Corydoras metae

Corydoras metae
Masked Corycat
The masked corydoras, bandit catfish, bandit corydoras, or Meta River corydoras, Corydoras metae, is a tropical freshwater fish belonging to the Corydoradinae sub-family of the Callichthyidae family. It originates in inland waters of South America, and is found in the Meta River basin in Colombia. It was originally described by Carl H. Eigenmann in 1914.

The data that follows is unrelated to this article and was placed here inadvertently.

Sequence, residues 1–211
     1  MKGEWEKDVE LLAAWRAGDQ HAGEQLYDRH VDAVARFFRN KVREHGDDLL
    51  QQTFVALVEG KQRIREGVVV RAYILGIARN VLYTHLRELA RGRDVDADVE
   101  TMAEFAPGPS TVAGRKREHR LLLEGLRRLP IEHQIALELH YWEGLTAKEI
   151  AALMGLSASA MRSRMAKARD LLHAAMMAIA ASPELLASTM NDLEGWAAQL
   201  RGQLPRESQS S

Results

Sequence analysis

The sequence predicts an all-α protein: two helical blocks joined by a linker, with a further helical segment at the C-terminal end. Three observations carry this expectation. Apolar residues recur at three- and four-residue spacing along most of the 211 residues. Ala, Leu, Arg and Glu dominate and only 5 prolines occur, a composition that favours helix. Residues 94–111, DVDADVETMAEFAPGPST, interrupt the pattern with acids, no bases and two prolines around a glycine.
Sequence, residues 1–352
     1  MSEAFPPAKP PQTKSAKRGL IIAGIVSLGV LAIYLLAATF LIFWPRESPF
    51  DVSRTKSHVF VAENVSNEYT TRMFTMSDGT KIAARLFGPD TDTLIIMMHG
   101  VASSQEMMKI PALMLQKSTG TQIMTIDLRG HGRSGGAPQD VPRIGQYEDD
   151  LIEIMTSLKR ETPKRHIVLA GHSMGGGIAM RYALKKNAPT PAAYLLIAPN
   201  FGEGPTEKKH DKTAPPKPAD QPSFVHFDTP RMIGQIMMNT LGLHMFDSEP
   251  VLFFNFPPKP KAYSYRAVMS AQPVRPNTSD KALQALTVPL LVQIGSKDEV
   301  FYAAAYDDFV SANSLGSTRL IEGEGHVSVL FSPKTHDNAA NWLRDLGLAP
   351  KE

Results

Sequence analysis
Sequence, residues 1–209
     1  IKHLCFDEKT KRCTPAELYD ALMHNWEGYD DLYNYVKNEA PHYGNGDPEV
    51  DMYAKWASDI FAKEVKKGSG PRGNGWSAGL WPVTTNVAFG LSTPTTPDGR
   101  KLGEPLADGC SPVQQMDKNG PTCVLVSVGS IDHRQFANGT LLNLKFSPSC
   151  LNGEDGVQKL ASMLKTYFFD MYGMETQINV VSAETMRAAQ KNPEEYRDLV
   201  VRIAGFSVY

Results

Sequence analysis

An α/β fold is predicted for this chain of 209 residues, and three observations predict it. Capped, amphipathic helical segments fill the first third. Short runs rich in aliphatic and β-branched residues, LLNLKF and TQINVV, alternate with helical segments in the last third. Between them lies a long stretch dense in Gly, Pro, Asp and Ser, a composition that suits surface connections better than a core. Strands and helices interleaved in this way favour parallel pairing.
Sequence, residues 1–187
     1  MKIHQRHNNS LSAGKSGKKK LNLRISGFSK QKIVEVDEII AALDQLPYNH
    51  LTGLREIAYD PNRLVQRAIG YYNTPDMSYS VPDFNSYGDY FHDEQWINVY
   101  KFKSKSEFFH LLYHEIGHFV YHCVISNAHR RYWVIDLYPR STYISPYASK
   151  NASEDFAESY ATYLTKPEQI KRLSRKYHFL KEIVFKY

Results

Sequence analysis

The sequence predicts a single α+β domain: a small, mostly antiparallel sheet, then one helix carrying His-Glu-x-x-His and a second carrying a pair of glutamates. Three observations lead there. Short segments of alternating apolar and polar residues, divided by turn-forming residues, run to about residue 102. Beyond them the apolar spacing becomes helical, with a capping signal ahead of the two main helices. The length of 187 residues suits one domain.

The fish can grow in length up to 1.8 in (4.8 cm). It lives in a tropical climate in water with a 6.0 - 8.0 pH, a water hardness of 2 - 25 dGH, and a temperature range of 72 - 79°F (22 - 26°C). It feeds on worms, benthic crustaceans, insects, and plant matter. The female holds 2-4 eggs between her pelvic fins, where the male fertilizes them for about 30 seconds. After fertilization the female swims to a suitable spot, where she attaches the very sticky eggs. The Masked Corydoras lays eggs in dense vegetation without adult protection. The pair repeats this process until about 100 eggs have been fertilized and attached.